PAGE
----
Logan is also no longer with the team, signing with the Titans this off-season, and his replacement could easily be a significant downgrade against the run, as they lack a proven option. They signed ex-Cardinal Xavier Williams, a 6-0 309 pounder who flashed on 249 snaps last season, but he is a projection to a larger role. The 2015 undrafted free agent has played just 418 snaps in his career and is hardly a proven player. His biggest competition for the nose tackle job will come from 3rd round rookie Derrick Nnadi, a 6-1 317 pounder who could develop into a solid nose tackle in time, but he could easily struggle as a rookie.

Allen Bailey is still with the team and will likely remain the other starting defensive end opposite Chris Jones, for lack of a better option. Bailey has earned a negative grade from PFF in 6 of 7 seasons in the league and is unlikely to get better, now in his age 31 season. He can be a decent run stuffer, but he’s never earned a positive pass rush grade for a season in his career. He’ll probably be pushed for snaps by 2nd round rookie Breeland Speaks, who is a much better interior rusher. He’s undersized at 6-3 283, but should have a immediate role in sub packages. If the Chiefs’ rookies on this defensive line can exceed expectations, they could be an improved defensive line, but they lack another proven player behind Jones.

Grade: B-

Linebackers

The Chiefs had a similar situation at linebacker, with outside linebacker Justin Houston having a dominant season, but the rest of the group struggling. Bouncing back from an injury plagued 2016 season, Houston finished 4th among 3-4 outside linebackers on Pro Football Focus. Aside from 2016, he’s finished in the top-5 at his position in each of the past 5 seasons and he has 64 sacks and 40 quarterback hits in 74 games over the past 6 seasons. He’s had his share of injuries, but he’s still in the prime of his career in his age 29 season and should have another strong season in 2018.

They need someone to step up opposite him though. Fortunately, they do have some options. Dee Ford had 10 sacks in 2016, though he struggled mightily against the run and has a combined 7.5 sacks in his other 3 seasons in the league, including just 2 last season. Injuries were to blame last season, as he was limited to 316 snaps in 6 games, so he has bounce back potential as a pass rusher in 2018 if he’s healthy. A first round pick in 2014, Ford is going into the final year of his rookie deal and could get a big contract if he has another good pass rushing year, but he’s not a guarantee to bounce back and he’s a liability on early downs.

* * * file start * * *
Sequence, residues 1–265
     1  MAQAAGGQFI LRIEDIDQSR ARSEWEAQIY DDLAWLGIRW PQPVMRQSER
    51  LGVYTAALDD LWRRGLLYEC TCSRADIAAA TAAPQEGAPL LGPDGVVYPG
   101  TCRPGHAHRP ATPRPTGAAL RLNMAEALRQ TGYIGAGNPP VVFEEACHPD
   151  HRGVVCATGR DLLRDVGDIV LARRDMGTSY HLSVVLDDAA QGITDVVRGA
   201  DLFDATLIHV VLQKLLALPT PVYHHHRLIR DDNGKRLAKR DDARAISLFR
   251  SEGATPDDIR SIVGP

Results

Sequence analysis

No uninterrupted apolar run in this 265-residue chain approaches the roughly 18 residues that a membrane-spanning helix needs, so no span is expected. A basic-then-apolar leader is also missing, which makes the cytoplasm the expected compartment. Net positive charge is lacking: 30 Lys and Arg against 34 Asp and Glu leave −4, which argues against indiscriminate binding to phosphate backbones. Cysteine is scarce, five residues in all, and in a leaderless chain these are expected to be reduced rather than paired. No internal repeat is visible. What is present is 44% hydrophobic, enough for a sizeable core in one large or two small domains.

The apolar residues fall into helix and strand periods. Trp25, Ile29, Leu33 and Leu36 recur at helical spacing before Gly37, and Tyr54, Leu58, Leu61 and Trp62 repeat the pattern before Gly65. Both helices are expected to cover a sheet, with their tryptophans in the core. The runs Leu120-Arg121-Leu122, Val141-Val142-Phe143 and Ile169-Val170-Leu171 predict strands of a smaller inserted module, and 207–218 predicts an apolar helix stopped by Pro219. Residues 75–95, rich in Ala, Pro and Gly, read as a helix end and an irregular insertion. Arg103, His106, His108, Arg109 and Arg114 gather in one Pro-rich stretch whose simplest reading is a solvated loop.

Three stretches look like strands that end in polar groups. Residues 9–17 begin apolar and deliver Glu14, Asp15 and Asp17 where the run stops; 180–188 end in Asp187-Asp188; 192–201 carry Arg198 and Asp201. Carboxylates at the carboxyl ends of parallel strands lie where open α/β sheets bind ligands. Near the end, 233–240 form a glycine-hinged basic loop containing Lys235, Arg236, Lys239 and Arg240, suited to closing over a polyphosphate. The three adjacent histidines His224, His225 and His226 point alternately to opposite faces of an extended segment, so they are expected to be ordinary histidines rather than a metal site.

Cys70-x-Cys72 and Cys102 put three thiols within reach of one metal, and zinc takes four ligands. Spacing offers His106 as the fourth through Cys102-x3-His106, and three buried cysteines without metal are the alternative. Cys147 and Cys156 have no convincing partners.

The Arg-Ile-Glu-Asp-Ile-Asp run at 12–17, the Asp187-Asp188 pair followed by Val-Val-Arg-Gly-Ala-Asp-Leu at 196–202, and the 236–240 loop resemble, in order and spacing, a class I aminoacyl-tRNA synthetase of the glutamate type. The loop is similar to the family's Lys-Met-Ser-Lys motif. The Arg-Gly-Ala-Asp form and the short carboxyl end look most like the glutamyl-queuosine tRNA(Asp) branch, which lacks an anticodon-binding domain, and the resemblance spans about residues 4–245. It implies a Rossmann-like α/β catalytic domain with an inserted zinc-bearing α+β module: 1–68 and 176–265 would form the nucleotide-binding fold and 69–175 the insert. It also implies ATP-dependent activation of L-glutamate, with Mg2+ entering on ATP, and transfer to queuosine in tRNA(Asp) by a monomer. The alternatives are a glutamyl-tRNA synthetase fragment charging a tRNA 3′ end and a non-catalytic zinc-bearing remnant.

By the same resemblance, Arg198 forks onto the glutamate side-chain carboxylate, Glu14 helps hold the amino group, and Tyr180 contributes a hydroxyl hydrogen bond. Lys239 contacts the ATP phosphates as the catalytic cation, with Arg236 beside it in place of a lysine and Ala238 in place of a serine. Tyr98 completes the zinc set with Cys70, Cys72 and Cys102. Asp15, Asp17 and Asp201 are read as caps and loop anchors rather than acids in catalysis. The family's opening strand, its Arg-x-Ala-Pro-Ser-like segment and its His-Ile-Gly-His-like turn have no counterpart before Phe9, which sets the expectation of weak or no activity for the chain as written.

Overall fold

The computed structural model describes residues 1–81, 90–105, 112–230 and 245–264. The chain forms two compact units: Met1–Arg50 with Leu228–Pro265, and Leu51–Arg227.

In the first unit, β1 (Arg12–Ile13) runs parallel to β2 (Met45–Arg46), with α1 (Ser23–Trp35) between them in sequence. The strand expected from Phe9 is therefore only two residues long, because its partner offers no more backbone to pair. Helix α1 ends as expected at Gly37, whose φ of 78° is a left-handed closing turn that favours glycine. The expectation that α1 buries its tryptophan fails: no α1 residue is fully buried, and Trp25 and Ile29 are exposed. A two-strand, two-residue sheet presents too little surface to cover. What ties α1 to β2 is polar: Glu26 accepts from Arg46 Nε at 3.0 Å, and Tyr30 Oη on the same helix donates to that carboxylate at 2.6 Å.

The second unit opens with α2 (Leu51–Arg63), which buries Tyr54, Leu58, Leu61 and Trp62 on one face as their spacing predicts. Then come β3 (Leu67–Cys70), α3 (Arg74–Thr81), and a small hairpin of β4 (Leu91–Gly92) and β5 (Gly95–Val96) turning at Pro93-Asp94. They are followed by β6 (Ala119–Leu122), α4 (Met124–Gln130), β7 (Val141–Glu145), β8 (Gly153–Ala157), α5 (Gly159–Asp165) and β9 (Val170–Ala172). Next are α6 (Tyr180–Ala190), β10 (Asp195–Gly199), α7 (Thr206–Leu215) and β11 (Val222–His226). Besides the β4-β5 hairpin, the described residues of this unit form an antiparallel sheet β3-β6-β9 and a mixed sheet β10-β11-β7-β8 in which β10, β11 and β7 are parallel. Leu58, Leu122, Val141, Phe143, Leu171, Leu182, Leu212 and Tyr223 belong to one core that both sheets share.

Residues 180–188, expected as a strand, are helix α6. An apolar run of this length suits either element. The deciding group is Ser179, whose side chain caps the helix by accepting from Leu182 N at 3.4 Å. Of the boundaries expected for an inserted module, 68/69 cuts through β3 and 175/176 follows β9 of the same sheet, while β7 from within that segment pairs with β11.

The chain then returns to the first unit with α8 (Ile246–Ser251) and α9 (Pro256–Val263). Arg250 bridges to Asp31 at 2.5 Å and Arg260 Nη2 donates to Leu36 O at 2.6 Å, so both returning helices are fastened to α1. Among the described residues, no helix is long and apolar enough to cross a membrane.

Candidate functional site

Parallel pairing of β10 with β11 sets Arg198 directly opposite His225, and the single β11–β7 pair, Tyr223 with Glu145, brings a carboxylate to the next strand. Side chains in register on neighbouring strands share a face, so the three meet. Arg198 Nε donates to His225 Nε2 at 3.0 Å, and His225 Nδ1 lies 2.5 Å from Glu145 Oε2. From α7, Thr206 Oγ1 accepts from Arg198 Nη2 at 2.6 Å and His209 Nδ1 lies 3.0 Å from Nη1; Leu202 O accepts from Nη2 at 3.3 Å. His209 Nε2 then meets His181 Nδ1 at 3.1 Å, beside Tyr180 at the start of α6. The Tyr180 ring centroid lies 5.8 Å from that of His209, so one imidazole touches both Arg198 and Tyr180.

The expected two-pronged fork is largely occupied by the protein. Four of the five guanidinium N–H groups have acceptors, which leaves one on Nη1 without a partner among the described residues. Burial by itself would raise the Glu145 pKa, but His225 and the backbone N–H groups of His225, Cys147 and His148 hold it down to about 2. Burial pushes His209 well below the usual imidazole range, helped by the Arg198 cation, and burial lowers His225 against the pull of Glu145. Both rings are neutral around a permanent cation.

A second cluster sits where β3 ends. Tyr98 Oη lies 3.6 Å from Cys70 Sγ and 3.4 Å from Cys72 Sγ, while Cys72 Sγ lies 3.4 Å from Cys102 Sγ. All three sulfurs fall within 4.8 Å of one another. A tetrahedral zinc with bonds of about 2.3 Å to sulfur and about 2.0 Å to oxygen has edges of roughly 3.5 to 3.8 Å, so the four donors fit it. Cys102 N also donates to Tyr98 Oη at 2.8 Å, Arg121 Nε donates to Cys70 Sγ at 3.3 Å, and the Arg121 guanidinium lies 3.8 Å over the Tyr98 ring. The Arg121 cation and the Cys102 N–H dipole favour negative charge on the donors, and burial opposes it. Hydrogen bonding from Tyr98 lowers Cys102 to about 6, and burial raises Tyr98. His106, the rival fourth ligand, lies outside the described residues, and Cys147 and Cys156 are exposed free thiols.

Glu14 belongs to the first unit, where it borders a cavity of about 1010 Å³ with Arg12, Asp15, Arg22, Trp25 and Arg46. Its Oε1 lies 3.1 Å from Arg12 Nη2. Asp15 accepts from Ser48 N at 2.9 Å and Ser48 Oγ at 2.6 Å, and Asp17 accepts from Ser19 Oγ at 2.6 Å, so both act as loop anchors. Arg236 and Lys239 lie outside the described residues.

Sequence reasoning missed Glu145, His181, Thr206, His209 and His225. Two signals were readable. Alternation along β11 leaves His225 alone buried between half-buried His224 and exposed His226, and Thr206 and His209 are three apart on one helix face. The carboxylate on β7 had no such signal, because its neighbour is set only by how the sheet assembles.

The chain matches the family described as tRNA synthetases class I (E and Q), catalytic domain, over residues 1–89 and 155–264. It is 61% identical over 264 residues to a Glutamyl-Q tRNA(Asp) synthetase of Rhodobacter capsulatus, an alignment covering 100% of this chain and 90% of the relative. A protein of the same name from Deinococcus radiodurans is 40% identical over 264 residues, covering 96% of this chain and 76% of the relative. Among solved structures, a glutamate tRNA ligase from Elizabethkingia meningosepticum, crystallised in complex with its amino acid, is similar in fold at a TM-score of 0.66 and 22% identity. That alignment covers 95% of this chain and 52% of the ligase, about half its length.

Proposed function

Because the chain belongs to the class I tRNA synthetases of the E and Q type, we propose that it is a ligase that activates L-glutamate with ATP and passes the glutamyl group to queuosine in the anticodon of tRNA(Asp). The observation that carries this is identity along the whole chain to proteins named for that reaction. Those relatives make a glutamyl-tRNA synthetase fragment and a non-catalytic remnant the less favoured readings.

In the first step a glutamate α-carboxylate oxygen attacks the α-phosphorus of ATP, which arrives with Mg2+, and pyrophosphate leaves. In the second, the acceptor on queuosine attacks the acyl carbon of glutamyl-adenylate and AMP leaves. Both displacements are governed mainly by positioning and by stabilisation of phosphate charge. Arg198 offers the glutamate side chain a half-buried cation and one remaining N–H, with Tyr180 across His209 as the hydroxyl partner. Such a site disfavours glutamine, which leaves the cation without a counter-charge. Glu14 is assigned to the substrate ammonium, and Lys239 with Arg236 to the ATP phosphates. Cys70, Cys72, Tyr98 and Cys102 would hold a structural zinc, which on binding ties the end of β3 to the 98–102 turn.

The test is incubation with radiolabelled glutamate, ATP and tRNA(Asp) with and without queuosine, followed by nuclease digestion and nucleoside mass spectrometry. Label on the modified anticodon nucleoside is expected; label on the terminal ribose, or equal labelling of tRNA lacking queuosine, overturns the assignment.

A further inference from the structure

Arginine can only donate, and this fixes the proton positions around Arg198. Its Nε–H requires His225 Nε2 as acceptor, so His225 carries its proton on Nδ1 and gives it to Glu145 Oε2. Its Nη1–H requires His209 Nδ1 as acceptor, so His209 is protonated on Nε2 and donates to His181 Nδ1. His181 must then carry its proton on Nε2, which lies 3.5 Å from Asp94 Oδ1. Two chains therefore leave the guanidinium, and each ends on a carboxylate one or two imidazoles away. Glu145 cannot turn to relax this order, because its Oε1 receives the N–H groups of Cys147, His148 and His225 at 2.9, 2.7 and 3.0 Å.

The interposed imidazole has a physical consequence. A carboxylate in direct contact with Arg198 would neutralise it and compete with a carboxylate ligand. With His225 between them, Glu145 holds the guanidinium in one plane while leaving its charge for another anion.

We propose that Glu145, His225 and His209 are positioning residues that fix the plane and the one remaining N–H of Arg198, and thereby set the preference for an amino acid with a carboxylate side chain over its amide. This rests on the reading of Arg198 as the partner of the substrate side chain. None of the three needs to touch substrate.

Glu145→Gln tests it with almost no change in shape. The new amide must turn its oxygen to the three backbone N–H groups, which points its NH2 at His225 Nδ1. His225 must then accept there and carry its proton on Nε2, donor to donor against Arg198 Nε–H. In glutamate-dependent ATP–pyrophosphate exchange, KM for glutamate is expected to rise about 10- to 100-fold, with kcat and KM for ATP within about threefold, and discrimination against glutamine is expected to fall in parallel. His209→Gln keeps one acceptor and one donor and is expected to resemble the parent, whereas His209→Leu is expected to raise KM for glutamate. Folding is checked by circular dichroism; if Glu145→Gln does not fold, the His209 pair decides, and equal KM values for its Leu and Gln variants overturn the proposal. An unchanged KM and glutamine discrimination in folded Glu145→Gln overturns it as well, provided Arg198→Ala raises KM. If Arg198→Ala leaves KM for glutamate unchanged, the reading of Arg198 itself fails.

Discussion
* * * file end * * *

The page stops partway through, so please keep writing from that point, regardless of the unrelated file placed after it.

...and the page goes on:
With Ford missing time, Frank Zombo finished 2nd on the team among outside linebackers with 588 snaps, but he was a major liability, finishing dead last among 46 eligible 3-4 outside linebackers on PFF. Zombo has played in 105 games in 8 seasons in the league, but he’s earned negative grades from PFF in 6 of those seasons and is now going into his age 31 season. He’s no lock to even be the 3rd outside linebacker, as the Chiefs still like the upside of 2017 2nd round pick Tanoh Kpassagnon. He underwhelmed on 158 snaps as a rookie and couldn’t get on the field even with Ford out of the lineup, but he was always considered raw coming out of college and could take a big step forward in his 2nd season in the league.

Derrick Johnson was a solid starting middle linebacker for them last season, but the Chiefs opted not to pay him 8 million for his age 36 season and let him go this off-season. The Chiefs then used that cap space to sign ex-Cowboys middle linebacker Anthony Hitchens to a 5-year deal worth 45 million. Hitchens is definitely younger than Johnson, going into his age 26 season, but he’s never been that good of a player, so it’s unclear why they’re paying him that much.